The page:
2229 1st Avenue South

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2229 1st Avenue South, also called the Newspaper Union Building, the Black Diamond Building or the Magic City Casket Building, is a two-story, 10,000 square-foot commercial building on the southwest corner of 1st Avenue South and 23rd Street South, facing the 1st Avenue cut which is now the Rotary Trail. The building, constructed in 1891, is the oldest surviving structure in the Birmingham Historic Automotive District.

The brick building features arched windows on the upper floor and a pressed metal cornice supported on brick corbels. The corner entrance on 23rd Street South is recessed, with the upper floor supported on a single cast-iron column.

The building was originally used as either a boarding house for railroad workers or as a brothel. The American Newspaper Union was located there in from 1898 to 1908, and its presses were used to publish the Birmingham Labor Advocate. In 1904 the Magic City Casket Company also used the building, which later housed the Child Furniture Co., Moore Co. and SoMo Galleries (1989-)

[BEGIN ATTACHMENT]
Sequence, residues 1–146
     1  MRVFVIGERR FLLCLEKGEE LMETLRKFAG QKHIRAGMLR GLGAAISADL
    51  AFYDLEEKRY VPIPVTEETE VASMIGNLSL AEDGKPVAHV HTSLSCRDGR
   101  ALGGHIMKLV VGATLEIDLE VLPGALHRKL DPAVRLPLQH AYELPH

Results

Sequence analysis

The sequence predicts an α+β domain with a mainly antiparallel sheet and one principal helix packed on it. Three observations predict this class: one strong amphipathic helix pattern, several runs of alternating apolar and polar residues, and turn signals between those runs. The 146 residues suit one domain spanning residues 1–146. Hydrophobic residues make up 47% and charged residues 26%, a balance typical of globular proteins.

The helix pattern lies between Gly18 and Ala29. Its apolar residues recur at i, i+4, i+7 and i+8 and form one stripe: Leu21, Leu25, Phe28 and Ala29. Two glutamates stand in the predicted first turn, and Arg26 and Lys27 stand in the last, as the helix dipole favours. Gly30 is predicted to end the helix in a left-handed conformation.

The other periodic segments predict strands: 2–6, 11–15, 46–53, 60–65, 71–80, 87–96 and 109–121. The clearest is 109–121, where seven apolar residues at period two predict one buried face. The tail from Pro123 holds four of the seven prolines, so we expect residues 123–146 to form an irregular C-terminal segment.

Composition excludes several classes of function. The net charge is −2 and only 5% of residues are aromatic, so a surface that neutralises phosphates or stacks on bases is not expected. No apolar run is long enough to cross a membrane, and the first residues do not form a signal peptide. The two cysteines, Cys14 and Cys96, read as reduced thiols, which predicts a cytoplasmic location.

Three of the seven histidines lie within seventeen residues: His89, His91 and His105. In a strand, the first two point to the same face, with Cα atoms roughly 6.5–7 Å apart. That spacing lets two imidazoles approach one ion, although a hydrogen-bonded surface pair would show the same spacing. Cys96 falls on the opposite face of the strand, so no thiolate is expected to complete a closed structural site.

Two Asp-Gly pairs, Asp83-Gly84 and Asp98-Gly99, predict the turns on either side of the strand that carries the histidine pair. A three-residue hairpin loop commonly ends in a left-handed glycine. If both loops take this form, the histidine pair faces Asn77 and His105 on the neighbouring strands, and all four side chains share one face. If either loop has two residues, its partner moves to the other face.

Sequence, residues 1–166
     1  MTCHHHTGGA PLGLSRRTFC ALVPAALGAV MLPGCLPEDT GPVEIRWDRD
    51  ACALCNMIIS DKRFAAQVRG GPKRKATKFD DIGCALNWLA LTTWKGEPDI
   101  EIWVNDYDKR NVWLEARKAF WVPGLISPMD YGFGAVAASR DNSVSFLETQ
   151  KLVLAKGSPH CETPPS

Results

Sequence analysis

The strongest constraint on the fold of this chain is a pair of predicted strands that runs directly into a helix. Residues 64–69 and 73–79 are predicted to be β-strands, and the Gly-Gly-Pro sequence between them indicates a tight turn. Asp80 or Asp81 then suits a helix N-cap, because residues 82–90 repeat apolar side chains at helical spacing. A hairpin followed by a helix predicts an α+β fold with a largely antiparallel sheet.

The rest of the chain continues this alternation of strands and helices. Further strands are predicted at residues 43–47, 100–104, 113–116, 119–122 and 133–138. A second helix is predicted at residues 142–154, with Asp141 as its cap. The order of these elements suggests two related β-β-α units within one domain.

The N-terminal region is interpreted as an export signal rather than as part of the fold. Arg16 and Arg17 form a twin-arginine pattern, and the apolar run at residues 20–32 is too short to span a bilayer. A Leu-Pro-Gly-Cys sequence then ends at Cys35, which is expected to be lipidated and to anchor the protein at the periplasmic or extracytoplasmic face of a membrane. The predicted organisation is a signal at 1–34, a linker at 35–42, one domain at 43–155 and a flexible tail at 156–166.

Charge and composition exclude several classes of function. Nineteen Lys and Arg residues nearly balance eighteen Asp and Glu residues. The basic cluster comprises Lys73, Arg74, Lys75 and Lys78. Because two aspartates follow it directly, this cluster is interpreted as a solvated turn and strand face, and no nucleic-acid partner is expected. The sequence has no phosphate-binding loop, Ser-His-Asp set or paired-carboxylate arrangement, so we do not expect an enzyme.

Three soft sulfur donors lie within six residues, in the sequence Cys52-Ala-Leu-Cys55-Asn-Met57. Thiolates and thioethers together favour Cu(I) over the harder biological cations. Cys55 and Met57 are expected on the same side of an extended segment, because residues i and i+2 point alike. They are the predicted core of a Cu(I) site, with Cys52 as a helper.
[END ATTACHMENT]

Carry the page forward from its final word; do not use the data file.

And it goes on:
The building was renovated in 2003 by Corporate Realty Development. Giattina Fischer Aycock Architects designed the renovations, which were carried out by Golden Construction. The $1.04 million project, supported by Historic Preservation Tax Credits, linked the building with another historic brick building at 104-110 23rd Street South as a multi-tenant office complex. The project won a "Special Preservation Award" for "enhancing existing character with appropriate improvements," from the Birmingham Historical Society. The complex is managed by Harbert Realty Services.

Tenants

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